Vintage Fur Hats
Beginnings, Fur Era, Changes
Vintage Hats Always In Style with Collectors, Now Back in Vogue for 2008
The history of fur can be traced as far back as the 15th century. In fact the European and Asian trade in pelts and fur stretched back centuries if not millennium. Depending on the supply of animals, Russia, Central Asia and Scandinavia were major suppliers of this trade through the 15th century. In the and tenth centuries, Scandinavian and Viking traders traded to Northern and central Europe a variety of furs including: marten, reindeer, bear, otter, sable, ermine, black and white fox and beaver. The black fox toque above is made by the famous designer, Elsa Schiaparelli
Much change has taken place from the 1900's fur was considered elegant and worn by the well-heeled woman of their day. Prior to the fifties, when issues of conversation were first raised, fashion furs of all description were widely available for coats, stoles, collars and hats. They were views as a status symbol and proudly worn by the ladies. They wore monkey, muskrat,badger,fox, Persian lamb, raccoon and mink not only trimming coats, but collars and cuffs and hats. The ladies felt like a million dollars when they stepped out wearing their favorite fur garment. My mother had a full length beaver coat in the 50's that she worn in Toronto weather. When she moved to California, she gave the coat to her friend that was moving to Alaska. She really prized the coat and I have pictures of her in that coat with a matching hat. The raccoon hat above is always in style and goes with most everything.
The ladies that had matching hats with their fur coats were the coveted. The hats matched their coats, stoles and wraps. The fur accessories were muffs, hats, and matching scarves. Designers turned skins and their remnants into a variety of hats, pillboxes and whimsies in the fifties, then fedoras and helmet styles in the sixties. The turned up brimmed white fox and fox wrap above is an example of matching hats and stoles.
Of the non-endangered furs, mink and sable have always been the most expensive, while easy to trap and abundant rabbit, raccoon, squirrel and skunk were less costly. Mink due to its size was labor intensive and there always more money. Above is a pretty pink velour floppy trimmed with a mink hatband.
You would see the mink furs on screen stars when you went to the movies and it was very "in". The species, considered to be one of the warmest furs for its weight, so favored that furriers often utilized entire pelts, leaving the heads, feet, tails and even claws intact. Sometimes you would see the mink hats with their satin bows on a bandeau of mink tails made elegant cocktail hats in the 50's and the full mink hats made beautiful pillboxes, beret and toque displays. If you owned one of these beauties you feel very fortunate indeed. The above white rabbit pillbox hat is attractive and inexpensive.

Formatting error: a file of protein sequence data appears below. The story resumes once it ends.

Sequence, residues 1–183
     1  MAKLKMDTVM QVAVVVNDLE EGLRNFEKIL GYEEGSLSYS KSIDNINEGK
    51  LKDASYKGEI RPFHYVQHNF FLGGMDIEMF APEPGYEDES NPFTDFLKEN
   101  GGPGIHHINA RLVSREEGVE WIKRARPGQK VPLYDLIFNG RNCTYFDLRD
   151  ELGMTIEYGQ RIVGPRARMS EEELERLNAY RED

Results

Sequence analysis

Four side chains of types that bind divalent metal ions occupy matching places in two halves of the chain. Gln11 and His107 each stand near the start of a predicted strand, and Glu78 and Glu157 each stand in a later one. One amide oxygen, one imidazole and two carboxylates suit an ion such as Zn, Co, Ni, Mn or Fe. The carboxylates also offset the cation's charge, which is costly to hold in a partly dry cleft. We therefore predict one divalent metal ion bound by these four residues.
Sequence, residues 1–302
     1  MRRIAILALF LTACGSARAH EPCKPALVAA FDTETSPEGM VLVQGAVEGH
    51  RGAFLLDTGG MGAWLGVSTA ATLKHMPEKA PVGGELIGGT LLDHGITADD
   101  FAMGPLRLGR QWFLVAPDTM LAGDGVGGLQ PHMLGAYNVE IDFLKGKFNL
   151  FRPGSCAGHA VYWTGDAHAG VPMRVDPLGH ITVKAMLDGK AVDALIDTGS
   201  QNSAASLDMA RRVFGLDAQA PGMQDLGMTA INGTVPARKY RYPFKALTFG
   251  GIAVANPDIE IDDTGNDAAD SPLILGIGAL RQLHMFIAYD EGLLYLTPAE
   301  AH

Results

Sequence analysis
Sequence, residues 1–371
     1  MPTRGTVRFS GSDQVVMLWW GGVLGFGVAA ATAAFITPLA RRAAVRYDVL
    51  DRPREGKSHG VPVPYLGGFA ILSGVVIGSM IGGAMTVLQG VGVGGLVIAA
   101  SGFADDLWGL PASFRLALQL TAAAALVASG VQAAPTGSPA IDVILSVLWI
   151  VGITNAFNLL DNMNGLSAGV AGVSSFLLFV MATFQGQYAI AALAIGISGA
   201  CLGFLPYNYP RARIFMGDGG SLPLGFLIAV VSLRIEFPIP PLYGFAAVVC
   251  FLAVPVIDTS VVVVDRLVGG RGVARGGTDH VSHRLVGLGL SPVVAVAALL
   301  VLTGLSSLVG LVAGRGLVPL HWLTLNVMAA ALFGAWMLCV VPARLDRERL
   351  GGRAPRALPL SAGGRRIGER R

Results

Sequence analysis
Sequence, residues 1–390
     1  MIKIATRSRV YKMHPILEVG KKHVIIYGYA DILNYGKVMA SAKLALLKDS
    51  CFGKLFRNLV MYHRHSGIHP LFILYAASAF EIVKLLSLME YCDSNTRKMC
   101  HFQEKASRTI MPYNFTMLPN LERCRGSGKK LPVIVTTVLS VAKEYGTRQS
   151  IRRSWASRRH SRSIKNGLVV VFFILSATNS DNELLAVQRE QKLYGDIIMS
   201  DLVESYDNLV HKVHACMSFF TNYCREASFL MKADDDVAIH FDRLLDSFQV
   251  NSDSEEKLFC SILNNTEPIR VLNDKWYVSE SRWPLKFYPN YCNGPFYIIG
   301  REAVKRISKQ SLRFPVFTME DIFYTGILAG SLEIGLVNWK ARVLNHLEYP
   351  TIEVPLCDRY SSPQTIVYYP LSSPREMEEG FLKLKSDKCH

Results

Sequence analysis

The Good, Bad and the Ugly
Eventually fur fashion excesses reached a saturation point. Many furs have disappeared from the market due to these strict conservation laws and other are gone. The above squirrel fur beret is classy and looks great with fur collared coats.
A new generation is valuing fur for its warmth and beauty. While furs are back in the form of hats, gloves, scarves, and wraps, we can be certain that many of the exotic species found in fashion throughout the twentieth century will neve appear in shops again.
Fur hats Fall into Several Distinct Categories
Natural Fur, the real thing! - These included rabbit, lynx, beaver, lamb, squirrel, monkey, jaguar, ocelot, mink, chinchilla and other ranches and trapped animals. They closely resemble the animal from which they are made.
Extreme Furs with Brilliant Fake Colors - Dyes are used by the fashion industry to color fur in vibrant colors, turning seal, rabbit, fox and mink into luxurious fashion accents that bear minimal resemblance to their original form
Treated Furs Made to look like Expensive Furs - Often common, inexpensive pelts are dyed to look like exotic species. The authentic pelts of various species are bleached, dyed, sheared, or in some way altered from their natural state and they are called treated fur.
Synthetic Fur or Faux Fur - Very popular, manufactured fur has been available since the 60's and can appear to be the real thing or spring from the designer's imagination as fur, imitation mink, Persian lamb, beaver, mouton and seal will give themselves away by their cotton like backing. Some are very real looking
Fur is now a fashion item, purchased to express the wearer's individuality and creativity and to fulfill their desires. To those living in particularly cold climates, it is also an essential part of their wardrobe, used to protect them from the elements. Fur is just as valuable now as it has been for most of human history. Designers can dye fur any color to match the outfits they create.
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